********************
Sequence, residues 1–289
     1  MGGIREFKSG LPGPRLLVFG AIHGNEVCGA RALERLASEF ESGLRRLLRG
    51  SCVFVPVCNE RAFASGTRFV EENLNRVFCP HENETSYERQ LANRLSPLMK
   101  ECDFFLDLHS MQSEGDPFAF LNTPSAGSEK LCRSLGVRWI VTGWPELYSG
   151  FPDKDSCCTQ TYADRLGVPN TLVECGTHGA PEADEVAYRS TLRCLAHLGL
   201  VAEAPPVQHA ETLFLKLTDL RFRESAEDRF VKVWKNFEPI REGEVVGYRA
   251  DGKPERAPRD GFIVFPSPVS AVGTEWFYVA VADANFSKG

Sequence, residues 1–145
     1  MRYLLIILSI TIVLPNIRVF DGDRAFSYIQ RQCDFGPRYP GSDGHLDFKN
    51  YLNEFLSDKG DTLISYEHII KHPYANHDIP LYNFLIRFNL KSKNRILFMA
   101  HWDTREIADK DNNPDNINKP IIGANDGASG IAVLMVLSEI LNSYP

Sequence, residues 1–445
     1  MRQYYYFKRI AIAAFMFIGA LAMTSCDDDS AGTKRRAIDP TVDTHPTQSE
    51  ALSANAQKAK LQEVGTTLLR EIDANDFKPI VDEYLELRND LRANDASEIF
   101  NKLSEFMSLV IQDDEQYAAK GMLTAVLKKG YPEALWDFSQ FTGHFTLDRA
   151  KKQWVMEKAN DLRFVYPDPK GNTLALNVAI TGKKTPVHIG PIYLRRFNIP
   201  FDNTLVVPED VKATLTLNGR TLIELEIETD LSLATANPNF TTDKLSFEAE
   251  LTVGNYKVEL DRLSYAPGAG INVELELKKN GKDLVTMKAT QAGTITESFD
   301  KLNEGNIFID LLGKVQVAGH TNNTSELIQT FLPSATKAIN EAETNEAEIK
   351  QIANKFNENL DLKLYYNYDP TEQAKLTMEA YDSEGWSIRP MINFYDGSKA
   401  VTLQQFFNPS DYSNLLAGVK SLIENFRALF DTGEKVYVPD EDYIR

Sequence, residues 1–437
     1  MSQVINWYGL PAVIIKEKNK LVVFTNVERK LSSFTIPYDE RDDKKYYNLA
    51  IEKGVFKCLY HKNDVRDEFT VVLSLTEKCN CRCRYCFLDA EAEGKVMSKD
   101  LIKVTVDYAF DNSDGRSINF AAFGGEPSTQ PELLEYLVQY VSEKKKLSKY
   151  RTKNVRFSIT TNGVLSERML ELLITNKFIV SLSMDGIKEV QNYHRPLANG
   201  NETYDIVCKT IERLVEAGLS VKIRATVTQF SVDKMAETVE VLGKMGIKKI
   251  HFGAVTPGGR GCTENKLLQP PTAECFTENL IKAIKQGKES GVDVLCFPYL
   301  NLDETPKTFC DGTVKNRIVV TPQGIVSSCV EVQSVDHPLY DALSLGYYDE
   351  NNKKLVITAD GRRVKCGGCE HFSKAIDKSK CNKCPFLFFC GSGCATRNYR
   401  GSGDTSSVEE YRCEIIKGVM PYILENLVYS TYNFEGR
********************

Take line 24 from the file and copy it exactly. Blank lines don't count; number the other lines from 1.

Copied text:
    51  IEKGVFKCLY HKNDVRDEFT VVLSLTEKCN CRCRYCFLDA EAEGKVMSKD